Destination: Freedom

The newsletter of the National Corridors Initiative

Vol. 1 No. 1 ©2000, NCI, Inc. January 3, 2000

Bill would enhance access to freight lines;
could lead to more high-speed passenger trains

By Wes Vernon

An influential lawmaker has introduced legislation to grant commuter rail authorities the same unfettered access to freight railroad rights of way enjoyed by AmtrakĖs inter-city service.

While the bill by Rep. James L. Oberstar (D-Minn.) does not specifically deal with high-speed rail projects, it could have an indirect effect.

Privately-owned freight railroads and publicly-owned passenger rail authorities are engaged in ongoing negotiations to form a "framework" for future cooperation on track-sharing for commuter operations in major metropolitan areas.(See "Millennium" article elsewhere this issue).

Capitol Hill talk of a congressionally mandated agreement on this issue (Oberstar has been discussing it for months) is credited by many for the new spirit of willingness of the two sides to talk.

At least one freight rail executive, David Goode of Norfolk-Southern, says he may be lobbying for Amtrak capital funding to accommodate high-speed rail.

If the effort of the freight and passenger executives to agree on shared trackage bears fruit, the "spirit of cooperation" could result in some "give-and-take" that spreads to the area of high-speed rail.

Oberstar is no back-bencher. As the ranking Democrat on the House Transportation Committee, he is well-positioned to see that the measure gets serious consideration in the 2000 session of the 106th Congress.

First through electric train expected this month

We have learned that AmtrakĖs first "in service" Acela Regional train is scheduled to make its first through run from Washington to Boston on Jan. 17, 2000. The consist will be an AEM-7 with six Capstone refurbished Amfleet cars. Details were not available at press time.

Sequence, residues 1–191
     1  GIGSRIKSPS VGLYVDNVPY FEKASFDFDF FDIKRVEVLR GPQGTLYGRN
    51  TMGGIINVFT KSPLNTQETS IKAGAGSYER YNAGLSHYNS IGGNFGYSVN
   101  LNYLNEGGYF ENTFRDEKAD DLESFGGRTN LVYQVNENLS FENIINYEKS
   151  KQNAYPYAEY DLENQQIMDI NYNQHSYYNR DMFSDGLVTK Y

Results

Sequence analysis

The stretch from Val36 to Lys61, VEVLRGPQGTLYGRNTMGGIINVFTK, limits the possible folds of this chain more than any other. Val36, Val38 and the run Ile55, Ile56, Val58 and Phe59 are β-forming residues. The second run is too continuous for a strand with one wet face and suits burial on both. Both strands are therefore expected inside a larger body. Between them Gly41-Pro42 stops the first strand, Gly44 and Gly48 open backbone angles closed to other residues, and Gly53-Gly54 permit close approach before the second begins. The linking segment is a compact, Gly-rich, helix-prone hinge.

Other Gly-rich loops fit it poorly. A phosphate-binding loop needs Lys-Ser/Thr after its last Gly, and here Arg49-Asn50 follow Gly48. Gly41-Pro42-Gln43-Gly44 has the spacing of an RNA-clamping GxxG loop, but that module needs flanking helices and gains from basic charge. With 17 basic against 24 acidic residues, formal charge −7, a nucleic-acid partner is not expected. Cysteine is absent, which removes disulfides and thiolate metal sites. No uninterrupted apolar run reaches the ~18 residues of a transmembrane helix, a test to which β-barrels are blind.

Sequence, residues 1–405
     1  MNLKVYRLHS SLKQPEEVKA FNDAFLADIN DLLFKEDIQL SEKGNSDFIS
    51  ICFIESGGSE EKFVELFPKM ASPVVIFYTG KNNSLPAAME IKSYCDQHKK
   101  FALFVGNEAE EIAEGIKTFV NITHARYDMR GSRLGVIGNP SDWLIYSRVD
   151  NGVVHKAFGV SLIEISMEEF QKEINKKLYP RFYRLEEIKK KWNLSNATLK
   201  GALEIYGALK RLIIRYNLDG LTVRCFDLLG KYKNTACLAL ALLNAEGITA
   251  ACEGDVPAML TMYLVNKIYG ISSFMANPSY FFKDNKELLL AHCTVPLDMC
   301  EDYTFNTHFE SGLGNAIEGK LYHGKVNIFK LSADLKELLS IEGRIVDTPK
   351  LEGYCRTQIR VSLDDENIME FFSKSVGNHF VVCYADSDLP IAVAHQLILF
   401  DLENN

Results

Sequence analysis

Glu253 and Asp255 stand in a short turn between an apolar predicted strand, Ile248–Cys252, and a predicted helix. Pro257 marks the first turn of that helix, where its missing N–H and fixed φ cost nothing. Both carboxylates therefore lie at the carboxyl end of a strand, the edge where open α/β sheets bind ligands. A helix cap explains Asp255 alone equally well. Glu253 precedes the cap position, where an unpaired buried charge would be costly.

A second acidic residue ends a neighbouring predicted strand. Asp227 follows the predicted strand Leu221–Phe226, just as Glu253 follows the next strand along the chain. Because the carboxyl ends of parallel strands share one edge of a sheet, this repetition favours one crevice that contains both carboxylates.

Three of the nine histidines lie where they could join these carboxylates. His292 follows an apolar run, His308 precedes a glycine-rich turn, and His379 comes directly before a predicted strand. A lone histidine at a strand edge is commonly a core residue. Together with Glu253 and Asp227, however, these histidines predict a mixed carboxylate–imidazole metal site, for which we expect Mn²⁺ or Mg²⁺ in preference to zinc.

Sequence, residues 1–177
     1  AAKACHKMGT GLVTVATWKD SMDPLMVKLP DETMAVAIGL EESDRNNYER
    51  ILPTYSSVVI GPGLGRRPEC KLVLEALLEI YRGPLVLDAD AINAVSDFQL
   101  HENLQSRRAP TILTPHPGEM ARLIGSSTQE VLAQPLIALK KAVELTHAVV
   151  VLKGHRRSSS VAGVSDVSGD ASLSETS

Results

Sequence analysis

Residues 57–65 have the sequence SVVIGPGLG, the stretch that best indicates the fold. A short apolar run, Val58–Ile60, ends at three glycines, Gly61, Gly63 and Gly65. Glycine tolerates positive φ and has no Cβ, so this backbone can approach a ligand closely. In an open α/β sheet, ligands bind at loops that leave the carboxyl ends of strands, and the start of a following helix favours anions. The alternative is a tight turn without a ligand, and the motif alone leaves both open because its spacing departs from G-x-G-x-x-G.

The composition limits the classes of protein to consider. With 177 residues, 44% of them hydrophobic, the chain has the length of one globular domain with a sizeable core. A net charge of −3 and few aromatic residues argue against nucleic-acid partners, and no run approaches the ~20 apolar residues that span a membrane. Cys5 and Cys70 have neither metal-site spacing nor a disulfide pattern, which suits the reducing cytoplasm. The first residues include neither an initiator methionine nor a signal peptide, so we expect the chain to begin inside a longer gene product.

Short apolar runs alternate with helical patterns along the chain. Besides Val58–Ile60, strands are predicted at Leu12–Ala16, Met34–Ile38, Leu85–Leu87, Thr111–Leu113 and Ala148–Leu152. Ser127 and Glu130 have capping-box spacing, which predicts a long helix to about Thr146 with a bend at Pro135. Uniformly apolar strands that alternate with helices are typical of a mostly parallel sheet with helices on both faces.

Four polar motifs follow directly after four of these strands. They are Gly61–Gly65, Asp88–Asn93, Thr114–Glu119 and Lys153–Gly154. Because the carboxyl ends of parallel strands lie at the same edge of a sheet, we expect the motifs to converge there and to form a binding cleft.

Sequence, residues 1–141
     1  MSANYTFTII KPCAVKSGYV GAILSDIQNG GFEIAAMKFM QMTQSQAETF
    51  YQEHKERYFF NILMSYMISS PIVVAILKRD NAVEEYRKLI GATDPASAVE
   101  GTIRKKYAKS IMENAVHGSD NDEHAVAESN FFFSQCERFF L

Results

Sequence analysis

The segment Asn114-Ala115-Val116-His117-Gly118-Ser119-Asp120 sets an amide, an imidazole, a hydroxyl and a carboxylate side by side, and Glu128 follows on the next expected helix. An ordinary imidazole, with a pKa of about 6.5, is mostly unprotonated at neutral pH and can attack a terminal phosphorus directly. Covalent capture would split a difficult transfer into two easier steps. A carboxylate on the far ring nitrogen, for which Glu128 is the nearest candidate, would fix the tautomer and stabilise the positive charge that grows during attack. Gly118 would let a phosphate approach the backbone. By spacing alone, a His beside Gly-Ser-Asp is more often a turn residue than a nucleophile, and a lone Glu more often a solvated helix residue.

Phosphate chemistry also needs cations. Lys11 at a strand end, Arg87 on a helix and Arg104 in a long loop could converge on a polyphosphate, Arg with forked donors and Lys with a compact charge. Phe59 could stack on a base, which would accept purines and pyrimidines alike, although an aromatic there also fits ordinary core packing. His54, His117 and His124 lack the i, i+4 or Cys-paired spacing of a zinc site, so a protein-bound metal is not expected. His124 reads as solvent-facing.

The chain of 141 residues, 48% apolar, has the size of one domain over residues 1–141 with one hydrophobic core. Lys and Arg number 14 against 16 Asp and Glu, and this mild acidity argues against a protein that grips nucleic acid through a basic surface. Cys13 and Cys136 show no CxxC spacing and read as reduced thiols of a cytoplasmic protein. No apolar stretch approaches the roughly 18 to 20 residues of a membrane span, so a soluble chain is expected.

Shiny new Surfliner coaches are en route

Alstom will be building six double-deck intercity coaches for Amtrak in an order worth more than $14 million. Amtrak exercised its first option under a contract signed with the locomotive and car builder in February 1998. The base contract, worth $100 million, provided for eight five-car double-deck trainsets.

The new cars will enter service on the new Pacific Surfliner trains, replacing 30-year-old equipment on the San Diegans, and will include one custom class car, two coaches, one combination coach and cafģ car, and a cab (control)-baggage-coach car. The six option cars include a coach, a custom class car, and a cafģ-coach car, plus three cab-baggage-coach cars.

The cars will be equipped with reclining seats and restaurant facilities. Each car also complies with Americans with disabilities requirements, an Alstom spokesman said.

The stainless steel carbody shells will be manufactured at AlstomĖs plant in Sao Paulo, Brazil, and then shipped to the companyĖs facility in Hornell, N.Y. for final assembly.

Alstom is also building AmtrakĖs high speed Acela trains in a consortium with Bombardier.

Penn Station fire disrupts heavy Christmas travel

 Penn Station in New York City was nearly back to normal on Dec. 20 following a fire Sunday afternoon in a switch and signal control bungalow near track 18 in the underground facility.

Amtrak spokeswoman Karen Dunn told Crossrail that "Trains were delayed 10 to 15 minutes by 8:30 a.m." during the Monday morning commute. She also said some trains had been annulled, others diverted to Grand Central Station, and their passengers found alternate means of transportation.

The station was evacuated on Sunday after a smoky, two-alarm fire was reported at 3:17 p.m. New York City fire department's Mike Pendergast reported the blaze was under control just after 5 p.m. The station reopened at 7:20 p.m., police said, but trains did not move again until some time after that. No serious injuries were reported.